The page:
By all accounts we are in the early to mid-stages of fall as evidenced by our cooler mornings, crisp clean air, leaf color change and oh yeah-football. What does all that have to do with my trees you ask? As a matter of fact, we are glad you asked because the summer of 2016 is one for the record books. As the second hottest summer on record with 90 days with temperature of 90’s degrees or more and a precipitation since January of only 32.71 inches compared to a 30 year average rainfall of 41.71 inches. It is a combination of factors that can lead to significant stress for your trees both young and old.
“My trees look OK so why should I be worried?”
How your trees look today may not be a good example or predictor of how they will look tomorrow, next spring or summer for that matter. Protecting your trees is protecting your investment whether financial or for most of us, aesthetic reasons. Trees for the most part do not exhibit signs of stress immediately. It takes time for the tree to give us signs that they are not happy or doing well. Since trees can’t get up and move, we need to be sensitive to their needs and help them overcome what Mother Nature has thrown at them in 2016.
What does having only 20.02 inches of rain since March have anything to do with my trees? We have droughts all the time. Great question, but keep in mind that a 24” diameter tree uses some 700 gallons of water a week to cool itself. That’s right, 700 gallons! Now that is a lot of water but where does the water come from when it has not rained for so long. Trees adapt well and likely have found sources to help but supplementing the trees needs can be a big benefit to their overall health. Entering fall, a typical dry time here in Atlanta, giving your trees a good soaking can help a lot.
It would be like taking a nice cool drink of water after an arduous workout, it just taste good. Your trees are not concerned with taste as much replenishing its water stores. Younger trees can adapt more easily to environmental stress like a drought but need attention like their older siblings because they don’t have the reserves of their older brothers. All that being said it is important to monitor your trees young and old.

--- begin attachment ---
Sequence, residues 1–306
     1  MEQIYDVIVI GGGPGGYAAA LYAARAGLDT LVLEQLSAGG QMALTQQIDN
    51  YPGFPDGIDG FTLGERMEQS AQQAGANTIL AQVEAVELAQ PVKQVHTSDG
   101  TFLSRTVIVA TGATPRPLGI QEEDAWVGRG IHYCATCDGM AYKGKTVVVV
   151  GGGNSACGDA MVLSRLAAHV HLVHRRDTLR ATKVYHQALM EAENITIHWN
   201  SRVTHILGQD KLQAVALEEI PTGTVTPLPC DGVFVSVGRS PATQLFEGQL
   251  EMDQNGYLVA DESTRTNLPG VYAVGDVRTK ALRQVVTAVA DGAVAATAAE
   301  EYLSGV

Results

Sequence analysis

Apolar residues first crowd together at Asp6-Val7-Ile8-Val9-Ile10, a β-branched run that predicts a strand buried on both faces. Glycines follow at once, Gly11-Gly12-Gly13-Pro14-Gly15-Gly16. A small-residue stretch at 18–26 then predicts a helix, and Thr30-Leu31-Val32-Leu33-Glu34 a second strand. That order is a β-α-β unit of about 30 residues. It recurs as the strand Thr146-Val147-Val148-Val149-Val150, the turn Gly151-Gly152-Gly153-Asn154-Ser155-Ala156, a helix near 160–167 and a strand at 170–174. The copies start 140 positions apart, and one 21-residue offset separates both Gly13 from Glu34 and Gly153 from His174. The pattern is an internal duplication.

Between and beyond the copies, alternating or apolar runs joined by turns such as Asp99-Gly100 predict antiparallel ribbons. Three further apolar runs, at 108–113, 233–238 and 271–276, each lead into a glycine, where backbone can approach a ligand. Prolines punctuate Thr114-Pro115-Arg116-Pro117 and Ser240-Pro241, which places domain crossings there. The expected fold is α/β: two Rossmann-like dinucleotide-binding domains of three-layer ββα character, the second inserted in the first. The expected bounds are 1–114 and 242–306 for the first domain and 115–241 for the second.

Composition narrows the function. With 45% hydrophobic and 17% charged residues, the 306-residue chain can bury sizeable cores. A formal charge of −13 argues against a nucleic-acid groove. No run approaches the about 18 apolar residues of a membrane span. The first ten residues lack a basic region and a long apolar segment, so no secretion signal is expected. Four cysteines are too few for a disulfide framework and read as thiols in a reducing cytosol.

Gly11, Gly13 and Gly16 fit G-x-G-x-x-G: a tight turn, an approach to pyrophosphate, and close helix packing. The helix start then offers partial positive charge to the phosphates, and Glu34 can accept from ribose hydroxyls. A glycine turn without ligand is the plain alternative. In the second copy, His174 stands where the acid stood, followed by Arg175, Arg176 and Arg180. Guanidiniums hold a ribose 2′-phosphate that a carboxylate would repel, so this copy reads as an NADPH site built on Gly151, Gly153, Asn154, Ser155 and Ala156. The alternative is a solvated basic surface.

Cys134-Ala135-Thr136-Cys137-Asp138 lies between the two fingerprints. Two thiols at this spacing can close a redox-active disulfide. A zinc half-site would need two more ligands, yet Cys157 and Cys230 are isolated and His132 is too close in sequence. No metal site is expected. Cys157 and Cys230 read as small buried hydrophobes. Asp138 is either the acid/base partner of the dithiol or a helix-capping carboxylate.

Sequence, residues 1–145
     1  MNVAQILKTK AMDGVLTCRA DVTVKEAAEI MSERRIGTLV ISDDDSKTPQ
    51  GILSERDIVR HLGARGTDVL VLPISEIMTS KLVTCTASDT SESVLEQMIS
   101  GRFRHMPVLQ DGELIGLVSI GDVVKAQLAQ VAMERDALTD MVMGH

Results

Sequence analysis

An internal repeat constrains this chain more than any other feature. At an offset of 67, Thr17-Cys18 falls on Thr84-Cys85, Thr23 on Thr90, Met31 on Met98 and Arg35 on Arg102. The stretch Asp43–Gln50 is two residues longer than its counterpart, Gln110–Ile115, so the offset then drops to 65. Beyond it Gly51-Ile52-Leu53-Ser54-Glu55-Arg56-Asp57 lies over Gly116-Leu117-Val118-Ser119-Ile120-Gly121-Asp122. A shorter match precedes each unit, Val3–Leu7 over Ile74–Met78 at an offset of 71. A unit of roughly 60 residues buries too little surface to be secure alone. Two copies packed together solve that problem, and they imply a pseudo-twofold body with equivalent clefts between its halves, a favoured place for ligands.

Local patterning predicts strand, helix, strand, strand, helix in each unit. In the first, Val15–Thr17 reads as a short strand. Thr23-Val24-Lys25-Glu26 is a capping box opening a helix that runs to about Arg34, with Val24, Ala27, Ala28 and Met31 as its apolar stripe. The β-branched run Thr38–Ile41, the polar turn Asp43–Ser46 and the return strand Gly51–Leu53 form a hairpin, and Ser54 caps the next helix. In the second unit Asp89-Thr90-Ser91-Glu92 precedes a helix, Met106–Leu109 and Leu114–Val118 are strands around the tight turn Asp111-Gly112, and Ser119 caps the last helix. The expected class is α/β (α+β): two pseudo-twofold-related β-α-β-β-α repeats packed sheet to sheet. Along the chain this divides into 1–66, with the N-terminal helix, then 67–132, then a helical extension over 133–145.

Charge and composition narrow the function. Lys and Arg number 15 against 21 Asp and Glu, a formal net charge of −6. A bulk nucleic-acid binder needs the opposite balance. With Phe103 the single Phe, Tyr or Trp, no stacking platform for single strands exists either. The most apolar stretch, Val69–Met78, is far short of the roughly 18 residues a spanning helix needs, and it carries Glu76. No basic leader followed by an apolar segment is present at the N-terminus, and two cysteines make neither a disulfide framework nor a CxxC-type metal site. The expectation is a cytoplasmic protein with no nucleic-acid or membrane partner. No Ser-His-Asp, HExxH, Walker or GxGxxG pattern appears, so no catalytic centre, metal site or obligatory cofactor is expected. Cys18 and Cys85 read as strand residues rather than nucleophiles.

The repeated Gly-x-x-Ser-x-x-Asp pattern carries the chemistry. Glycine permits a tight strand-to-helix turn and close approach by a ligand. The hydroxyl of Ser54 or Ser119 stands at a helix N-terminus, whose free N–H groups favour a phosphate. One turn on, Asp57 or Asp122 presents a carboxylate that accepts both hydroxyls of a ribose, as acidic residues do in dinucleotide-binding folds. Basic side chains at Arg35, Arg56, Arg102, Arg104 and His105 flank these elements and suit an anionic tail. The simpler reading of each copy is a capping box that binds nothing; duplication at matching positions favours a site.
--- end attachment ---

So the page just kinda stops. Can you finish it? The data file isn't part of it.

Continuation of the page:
Here is what you can do to help your trees during this unusual dry period.
- Provide additional water to your large trees under the drip zone to make the most out of your watering.
- Provide the water in sessions to re-wet the ground and allow the water to percolate.
- Give the trees roughly 10 gallons of water per trunk diameter. Another way to calculate is to take the trunk diameter x 5 minutes=total watering time. For example a 24” x 5 min/inch =120Min or 2 hours of watering. Remember it is best to give that water in a couple of different sessions to allow the water to percolate and wet the soil to be the most effective. Ideally use a drip hose to distribute the water over a greater area.
- Mulch is a great way to help your trees by holding in the moisture. Keep mulch either straw or hardwood to a depth of no more than 3”. This aids the tree in retaining what little water is available.
- Helping the trees with an injection of micro-nutrients, essential for chlorophyll production, organic extracts, along with a combination of endo and ecto Mycorrhizae, humates, and essential microbes to encourage root development.
- If unsure ask the experts to assess your trees and make recommendations. It is what professionals do-you don’t take your car to the landscaper so don’t let your neighbor diagnose your tree issues. Call Downey Trees, Inc. to help.